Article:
A Painful Permission

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Mackenzie Phillips dropped a bombshell that has horrified her family, shocked a lot of people, and given childhood incest survivors an ability to hear their own experience and story through the story of another.

 

On the ‘Early Show’, she said: “I was hoping to help incest survivors and find some redemption and freedom,” she said on the “Early Show.” “I never expected this huge national dialogue. I never expected the rape and incest network to have a 82 percent rise in hits on their website a 26 percent rise in telephone calls.”

Last week on Oprah, she read a portion of her book in which she told her experience of waking up from a blackout to find her father having sex with her. While she initially labelled it rape, her father was surprised to hear her say that…with him declaring that they were “making love”. The incest lasted 10 years. Of that time, Mackenzie says:

“It became a consensual relationship over time, and I know that I can’t be the only one this has happened to,” Mackenzie says. “Nobody’s talking about this, and someone needs to put a face on not only nonconsensual incest but consensual incest, because I know it exists.”

 

I’d have to say that I quite agree with the following line:

 

“What struck me most about Mackenzie Phillips’ interview,” psychotherapist Robi Ludwig told CBS News “is that she’s still protecting her father. By calling incest consensual incest, she’s still protecting the person who abused her…. But you can’t say it’s consensual, because there’s always a power imbalance when it comes to a parent and child.”

 

What is helpful about Mackenzie’s story is the her implication that at some point she felt she valued the sexual relationship and joined in with it.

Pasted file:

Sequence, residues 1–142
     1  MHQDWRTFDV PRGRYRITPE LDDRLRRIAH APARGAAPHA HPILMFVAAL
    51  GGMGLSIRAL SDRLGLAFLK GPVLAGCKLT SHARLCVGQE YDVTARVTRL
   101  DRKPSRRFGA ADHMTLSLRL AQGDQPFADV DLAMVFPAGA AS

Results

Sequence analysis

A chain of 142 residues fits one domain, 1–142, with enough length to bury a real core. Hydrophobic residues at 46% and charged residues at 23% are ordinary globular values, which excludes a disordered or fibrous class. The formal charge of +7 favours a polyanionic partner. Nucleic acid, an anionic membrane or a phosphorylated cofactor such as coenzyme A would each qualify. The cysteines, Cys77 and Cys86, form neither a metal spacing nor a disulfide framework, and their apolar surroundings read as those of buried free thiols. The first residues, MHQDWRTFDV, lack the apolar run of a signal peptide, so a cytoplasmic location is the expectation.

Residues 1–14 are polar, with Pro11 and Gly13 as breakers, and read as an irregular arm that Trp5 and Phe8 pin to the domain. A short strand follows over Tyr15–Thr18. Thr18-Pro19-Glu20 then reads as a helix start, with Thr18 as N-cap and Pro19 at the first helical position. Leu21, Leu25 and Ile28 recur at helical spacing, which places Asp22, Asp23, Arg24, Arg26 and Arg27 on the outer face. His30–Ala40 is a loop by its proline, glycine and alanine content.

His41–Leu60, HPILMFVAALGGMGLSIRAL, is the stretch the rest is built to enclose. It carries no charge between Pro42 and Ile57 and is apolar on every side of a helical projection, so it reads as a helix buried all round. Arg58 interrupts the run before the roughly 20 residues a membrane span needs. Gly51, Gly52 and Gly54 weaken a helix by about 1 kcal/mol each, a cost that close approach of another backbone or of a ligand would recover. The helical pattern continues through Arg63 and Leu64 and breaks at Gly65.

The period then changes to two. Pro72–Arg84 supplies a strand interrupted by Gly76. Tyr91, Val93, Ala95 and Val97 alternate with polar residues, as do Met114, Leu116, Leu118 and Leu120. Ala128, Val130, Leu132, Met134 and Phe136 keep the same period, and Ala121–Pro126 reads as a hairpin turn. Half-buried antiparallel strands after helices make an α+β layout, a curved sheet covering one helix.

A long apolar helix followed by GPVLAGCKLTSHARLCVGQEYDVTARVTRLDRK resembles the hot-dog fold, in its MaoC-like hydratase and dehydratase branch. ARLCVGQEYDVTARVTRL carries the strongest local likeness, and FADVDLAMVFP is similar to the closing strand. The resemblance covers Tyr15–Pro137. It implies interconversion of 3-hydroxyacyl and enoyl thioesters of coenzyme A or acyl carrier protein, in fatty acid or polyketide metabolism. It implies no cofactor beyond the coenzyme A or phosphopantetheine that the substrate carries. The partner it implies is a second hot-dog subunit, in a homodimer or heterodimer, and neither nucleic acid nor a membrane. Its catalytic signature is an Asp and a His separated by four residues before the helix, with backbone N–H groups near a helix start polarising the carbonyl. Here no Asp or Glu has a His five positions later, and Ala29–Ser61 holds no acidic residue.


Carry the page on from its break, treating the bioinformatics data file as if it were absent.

In my experience in working with survivors of childhood sexual abuse, perhaps the most shameful and hidden horror of the abuse is that the child at some level was made to feel special by the abuse, and so in part, came to welcome it in a life that was otherwise difficult and lonely. Other times, during times of repeated sexual abuse, a child’s body is awakened to a powerful sexual response–it is degrading to hate the sexual experience and want it to end only to find one’s body aroused and wanting more. It is part of the perpetrator’s twisted and sinister strategy to have the child believe that s/he wants it and is an active participant.

 

The child is made to believe that the abuse is part of the way special love is shown to him/her that makes the abuse something to be seen as a sign of privilege. As the child, in part, is convinced that s/he is welcoming the abuse (even while another part of the child is silently screaming for it to stop), the child begins to feel like an active accomplice in the abuse.

The act of shameful betrayal–to find some part of body or heart welcoming the sexual contact–is something that sexual abuse and incest survivors struggle with. It is the unspoken horror–with the survivor’s assumption that if others knew of it, the survivor would be known to be as sick and sinister as the perpetrator. The agony of this shame is unspeakable, and therefore, not spoken of.

Mackenzie Phillips opened the door to have people begin to dare to speak…to have a voice…to dare to begin to talk about it…to begin to speak out and heal. I can only hope that her story continues to impact those who struggle with all of the hidden and secret pain of sexual violation at the hands of those that were meant to protect.

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